September 11, 2012


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Are you a master of self-sabotage?

I have a confession: I screw things up. Consistently.

Sometimes I do it by trying to control a situation or person. That rarely works out. Sometimes I do it by over-thinking a problem. That makes things twice as hard—and twice as likely to fail. Often I do it by not doing anything at all—by being passive. I let the moment of action pass. And I rationalize it later. That’s definitely my go-to “fuck-it-up” move. It’s just disguised better than the others.

These are my most consistent forms of self-sabotage. And I’m not alone.

We all know people in our lives who self-sabotage on a grand scale. They let their external obstacle define them. They let their lows get too low and the highs too high. They rarely venture into their “personal unknown”. They somehow seem to attract misfortune. These people are often talented, intelligent, sometimes brilliant. Nevertheless, they are perpetually stuck.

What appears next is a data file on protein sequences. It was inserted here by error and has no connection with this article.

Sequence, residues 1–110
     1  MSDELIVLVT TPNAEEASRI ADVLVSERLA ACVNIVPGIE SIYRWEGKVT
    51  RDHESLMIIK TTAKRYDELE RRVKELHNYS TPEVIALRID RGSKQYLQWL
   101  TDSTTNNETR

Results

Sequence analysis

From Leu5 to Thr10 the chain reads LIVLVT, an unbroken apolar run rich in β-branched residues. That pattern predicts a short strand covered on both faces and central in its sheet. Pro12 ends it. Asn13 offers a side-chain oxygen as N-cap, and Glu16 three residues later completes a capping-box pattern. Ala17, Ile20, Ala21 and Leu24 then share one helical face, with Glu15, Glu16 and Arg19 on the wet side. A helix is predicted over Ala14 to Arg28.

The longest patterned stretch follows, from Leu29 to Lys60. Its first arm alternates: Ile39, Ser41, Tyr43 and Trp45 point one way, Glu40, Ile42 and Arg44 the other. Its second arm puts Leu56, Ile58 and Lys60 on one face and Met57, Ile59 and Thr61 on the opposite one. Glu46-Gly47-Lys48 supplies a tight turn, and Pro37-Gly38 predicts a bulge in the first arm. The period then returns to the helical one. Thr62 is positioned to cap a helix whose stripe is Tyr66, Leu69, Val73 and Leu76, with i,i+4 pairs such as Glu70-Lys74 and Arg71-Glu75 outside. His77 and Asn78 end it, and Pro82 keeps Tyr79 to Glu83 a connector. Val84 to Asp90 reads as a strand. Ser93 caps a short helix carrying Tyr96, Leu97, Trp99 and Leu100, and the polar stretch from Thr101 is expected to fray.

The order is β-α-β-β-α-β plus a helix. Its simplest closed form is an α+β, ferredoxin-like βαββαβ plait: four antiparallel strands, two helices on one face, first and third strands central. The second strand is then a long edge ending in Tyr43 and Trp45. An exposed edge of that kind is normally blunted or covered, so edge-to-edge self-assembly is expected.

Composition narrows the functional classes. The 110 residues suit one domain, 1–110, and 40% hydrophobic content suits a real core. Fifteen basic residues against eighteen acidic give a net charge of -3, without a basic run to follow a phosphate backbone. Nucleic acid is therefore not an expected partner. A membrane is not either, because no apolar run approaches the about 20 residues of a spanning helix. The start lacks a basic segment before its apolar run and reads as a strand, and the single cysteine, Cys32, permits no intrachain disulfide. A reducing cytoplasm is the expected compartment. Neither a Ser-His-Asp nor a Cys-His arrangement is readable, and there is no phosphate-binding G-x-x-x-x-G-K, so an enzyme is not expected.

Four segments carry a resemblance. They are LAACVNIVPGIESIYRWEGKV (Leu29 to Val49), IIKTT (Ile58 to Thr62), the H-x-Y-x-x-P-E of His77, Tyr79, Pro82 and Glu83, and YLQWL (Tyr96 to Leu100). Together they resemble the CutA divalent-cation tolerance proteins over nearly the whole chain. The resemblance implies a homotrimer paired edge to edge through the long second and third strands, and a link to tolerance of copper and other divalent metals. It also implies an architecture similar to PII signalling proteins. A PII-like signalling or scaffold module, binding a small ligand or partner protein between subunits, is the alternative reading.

Sound at all familiar?

They—and we—do it on a subtle scale too. Not following through on promises. Not taking care of the details. Not taking personal responsibility. I understand these behaviors because I’m guilty of doing them myself. I excel in certain aspects of my life and I struggle in others. Often, I’ll view that disparity and then intentionally widen it further. I put more time into the part I dominate. I neglect even further the part where I struggle. It’s a recipe for an imbalanced life. It leads to an underlying dissatisfaction.

Everyone has their own unique way of running from their demons. You don’t need to be anything like me to be a master at self-sabotage. You simply have to be afraid. And you have to be just smart enough to out-smart yourself.

I’ll make a promise to you. I promise to try to have less answers and have more courage.

And then, maybe, the real answers will appear.

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